Original Research

Implementing oral care to reduce aspiration pneumonia amongst patients with dysphagia in a South African setting

Jaishika Seedat, Claire Penn
South African Journal of Communication Disorders | Vol 63, No 1 | a102 | DOI: https://doi.org/10.4102/sajcd.v63i1.102 | © 2016 Jaishika Seedat, Claire Penn | This work is licensed under CC Attribution 4.0
Submitted: 28 August 2014 | Published: 16 February 2016

About the author(s)

Jaishika Seedat, Department of Speech Pathology and Audiology, University of the Witwatersrand, South Africa, South Africa
Claire Penn, Department of Speech Pathology and Audiology, University of the Witwatersrand, South Africa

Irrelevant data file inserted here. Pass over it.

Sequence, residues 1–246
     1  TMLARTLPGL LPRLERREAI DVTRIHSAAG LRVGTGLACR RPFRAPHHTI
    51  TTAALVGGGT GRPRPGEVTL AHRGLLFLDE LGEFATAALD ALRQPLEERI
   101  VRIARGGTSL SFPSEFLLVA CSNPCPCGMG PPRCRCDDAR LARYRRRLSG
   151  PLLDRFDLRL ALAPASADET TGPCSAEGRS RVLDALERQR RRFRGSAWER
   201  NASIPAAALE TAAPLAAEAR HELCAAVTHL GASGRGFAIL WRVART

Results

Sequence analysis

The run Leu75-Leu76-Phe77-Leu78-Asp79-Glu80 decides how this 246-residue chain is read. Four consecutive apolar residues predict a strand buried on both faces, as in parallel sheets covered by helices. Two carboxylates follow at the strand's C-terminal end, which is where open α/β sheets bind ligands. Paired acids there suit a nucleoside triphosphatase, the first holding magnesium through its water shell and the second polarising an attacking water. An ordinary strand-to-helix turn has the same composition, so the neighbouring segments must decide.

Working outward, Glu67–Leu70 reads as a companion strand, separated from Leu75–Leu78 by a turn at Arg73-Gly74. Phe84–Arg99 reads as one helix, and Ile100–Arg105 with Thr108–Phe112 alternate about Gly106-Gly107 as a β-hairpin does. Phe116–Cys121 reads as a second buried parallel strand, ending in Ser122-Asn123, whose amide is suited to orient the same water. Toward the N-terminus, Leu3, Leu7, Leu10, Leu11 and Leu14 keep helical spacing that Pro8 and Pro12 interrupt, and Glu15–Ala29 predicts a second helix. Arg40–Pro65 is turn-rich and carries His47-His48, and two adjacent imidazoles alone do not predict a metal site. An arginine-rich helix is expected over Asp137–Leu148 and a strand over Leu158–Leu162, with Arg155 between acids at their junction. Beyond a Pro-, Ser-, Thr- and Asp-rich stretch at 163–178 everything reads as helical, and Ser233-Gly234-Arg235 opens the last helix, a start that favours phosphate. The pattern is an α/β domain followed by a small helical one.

Oral care is a crucial routine for patients with dysphagia that, when completed routinely, can prevent the development of aspiration pneumonia. There is no standardised protocol for oral care within government hospitals in South Africa. This study aimed to investigate the outcome of an oral care protocol. Participants were patients with oropharyngeal dysphagia, with either stroke or traumatic brain injury as the underlying medical pathology, and nurses. All participants were recruited from one tertiary level government hospital in Gauteng, South Africa. 139 nurses participated in the study and received training on the oral care protocol. There were two groups of participants with oropharyngeal dysphagia. Group one (study group, n = 23) was recruited by consecutive sampling, received regular oral care and were not restricted from drinking water; however, all other liquids were restricted. Group two (comparison group, n = 23) was recruited via a retrospective record review, received inconsistent oral care and were placed on thickened liquids or liquid restricted diets. Results showed that a regimen of regular oral care and free water provision when combined with dysphagia intervention did prevent aspiration pneumonia in patients with oropharyngeal dysphagia. The article highlights two key findings: that regular and routine oral care is manageable within an acute government hospital context and a strict routine of oral care can reduce aspiration pneumonia in patients with oropharyngeal dysphagia. An implication from these findings is confirmation that teamwork in acute care settings in developing contexts must be prioritised to improve dysphagia management and patient prognosis.


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